Contentment Poem By Ada Cambridge
Is it a virtue, as the sages say,
The ‘trivial round and common task’ to ply,
And for no wider walk of life to sigh
Than we were born to; sweetly, day by day,
Our meed of lowly reverence to pay
Our high-placed ‘betters’; never to defy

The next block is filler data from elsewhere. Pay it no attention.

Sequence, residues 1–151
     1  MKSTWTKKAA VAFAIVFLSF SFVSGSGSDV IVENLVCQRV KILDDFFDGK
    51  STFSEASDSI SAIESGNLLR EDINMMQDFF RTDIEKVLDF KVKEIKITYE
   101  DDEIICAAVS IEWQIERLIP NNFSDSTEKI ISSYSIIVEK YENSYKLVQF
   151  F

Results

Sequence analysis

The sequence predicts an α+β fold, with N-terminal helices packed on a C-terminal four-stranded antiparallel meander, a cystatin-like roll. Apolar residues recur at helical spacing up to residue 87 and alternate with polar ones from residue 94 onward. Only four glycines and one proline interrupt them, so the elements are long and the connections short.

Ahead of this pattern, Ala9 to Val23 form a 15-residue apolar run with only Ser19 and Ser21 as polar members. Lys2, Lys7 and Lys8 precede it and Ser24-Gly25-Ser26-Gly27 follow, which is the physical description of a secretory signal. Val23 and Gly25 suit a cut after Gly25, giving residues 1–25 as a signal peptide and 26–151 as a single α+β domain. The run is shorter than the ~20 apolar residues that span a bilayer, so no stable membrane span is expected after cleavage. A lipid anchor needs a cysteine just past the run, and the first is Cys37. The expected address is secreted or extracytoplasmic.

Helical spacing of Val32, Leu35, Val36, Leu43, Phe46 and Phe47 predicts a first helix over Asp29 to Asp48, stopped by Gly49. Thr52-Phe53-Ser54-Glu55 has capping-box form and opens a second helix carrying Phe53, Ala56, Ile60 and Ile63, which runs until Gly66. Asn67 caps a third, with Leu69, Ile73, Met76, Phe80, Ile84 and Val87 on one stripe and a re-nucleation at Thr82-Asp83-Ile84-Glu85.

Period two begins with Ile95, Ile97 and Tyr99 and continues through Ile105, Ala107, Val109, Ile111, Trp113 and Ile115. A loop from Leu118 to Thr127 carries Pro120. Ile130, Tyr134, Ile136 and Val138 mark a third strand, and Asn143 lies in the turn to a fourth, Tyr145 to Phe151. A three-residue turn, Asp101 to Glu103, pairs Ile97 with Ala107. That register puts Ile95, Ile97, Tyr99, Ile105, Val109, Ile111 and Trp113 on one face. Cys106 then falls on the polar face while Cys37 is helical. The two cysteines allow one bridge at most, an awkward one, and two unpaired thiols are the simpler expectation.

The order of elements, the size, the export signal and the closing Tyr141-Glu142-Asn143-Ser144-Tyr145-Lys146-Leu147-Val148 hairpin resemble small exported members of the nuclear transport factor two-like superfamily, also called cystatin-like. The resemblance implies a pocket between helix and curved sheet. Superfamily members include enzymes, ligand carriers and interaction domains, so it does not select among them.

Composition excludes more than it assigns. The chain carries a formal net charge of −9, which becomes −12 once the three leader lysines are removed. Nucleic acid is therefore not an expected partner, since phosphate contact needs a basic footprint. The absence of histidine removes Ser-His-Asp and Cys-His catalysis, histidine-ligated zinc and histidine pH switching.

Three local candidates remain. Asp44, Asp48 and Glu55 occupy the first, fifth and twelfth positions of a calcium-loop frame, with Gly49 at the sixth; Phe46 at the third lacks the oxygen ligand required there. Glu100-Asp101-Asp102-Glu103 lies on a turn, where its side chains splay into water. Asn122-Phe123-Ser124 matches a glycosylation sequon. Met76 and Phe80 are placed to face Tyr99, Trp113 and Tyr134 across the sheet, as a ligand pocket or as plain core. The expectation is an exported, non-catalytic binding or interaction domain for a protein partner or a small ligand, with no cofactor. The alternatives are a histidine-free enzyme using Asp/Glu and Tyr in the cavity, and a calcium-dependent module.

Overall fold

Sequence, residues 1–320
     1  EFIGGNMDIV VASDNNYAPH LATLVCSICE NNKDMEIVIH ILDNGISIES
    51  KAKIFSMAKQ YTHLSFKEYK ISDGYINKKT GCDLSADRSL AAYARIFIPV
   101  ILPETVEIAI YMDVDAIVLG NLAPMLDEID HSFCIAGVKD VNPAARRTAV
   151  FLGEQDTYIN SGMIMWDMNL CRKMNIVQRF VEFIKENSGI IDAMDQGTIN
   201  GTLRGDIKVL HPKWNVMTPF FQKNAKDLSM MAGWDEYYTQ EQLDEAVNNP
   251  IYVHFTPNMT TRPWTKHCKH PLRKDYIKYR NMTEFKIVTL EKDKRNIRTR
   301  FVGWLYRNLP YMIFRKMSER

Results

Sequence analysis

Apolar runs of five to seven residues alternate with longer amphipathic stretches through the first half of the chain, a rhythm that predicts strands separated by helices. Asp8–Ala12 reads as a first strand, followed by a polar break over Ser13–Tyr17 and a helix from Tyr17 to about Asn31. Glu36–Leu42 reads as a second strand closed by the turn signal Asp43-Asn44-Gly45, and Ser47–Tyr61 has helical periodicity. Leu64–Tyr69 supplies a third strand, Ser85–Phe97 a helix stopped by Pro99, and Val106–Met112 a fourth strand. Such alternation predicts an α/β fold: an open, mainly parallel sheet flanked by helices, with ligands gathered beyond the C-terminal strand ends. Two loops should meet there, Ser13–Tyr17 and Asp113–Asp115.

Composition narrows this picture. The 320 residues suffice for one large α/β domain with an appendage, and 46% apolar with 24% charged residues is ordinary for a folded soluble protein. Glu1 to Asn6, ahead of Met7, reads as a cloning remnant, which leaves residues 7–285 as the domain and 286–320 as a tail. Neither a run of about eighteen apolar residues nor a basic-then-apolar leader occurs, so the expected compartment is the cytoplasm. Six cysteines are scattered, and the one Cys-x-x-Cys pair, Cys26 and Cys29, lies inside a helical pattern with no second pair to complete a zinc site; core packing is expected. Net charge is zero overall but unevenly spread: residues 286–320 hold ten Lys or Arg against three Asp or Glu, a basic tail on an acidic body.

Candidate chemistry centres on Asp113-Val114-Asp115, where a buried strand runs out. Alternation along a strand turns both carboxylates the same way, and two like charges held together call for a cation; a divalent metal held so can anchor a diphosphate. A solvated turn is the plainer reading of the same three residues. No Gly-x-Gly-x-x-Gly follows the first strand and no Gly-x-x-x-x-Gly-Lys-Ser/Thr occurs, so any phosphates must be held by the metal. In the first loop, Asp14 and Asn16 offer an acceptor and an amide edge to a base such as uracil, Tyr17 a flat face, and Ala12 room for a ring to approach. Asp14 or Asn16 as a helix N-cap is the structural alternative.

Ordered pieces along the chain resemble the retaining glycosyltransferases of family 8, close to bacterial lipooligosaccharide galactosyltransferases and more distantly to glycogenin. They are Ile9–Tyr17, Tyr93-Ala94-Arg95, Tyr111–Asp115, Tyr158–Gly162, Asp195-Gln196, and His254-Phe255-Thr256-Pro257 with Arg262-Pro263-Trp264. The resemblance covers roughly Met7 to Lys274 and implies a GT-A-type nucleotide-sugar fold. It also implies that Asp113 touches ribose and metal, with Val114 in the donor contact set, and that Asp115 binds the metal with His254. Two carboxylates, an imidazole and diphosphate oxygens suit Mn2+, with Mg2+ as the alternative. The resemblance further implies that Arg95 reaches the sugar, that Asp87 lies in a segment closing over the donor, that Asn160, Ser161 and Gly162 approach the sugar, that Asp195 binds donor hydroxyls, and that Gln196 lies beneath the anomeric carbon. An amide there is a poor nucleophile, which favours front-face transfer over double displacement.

The powers that be; never to kick or cry,
Or think, or question – simply to obey?
Then vice be with us, although blood be shed.
No pact with powers partizan and blind;
No peace with Custom that makes right of wrong.
We shall content us when the starved are fed,
When men and brothers are agreed and kind,
And there is fair play between weak and strong.